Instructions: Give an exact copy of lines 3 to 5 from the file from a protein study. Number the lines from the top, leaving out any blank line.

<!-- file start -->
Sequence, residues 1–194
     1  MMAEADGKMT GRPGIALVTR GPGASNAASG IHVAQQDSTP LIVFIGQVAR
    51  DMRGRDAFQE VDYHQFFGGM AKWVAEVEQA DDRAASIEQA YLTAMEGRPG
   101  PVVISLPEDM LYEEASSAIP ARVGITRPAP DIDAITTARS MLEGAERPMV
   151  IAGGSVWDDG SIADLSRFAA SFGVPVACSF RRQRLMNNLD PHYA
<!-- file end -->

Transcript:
    51  DMRGRDAFQE VDYHQFFGGM AKWVAEVEQA DDRAASIEQA YLTAMEGRPG
   101  PVVISLPEDM LYEEASSAIP ARVGITRPAP DIDAITTARS MLEGAERPMV
   151  IAGGSVWDDG SIADLSRFAA SFGVPVACSF RRQRLMNNLD PHYA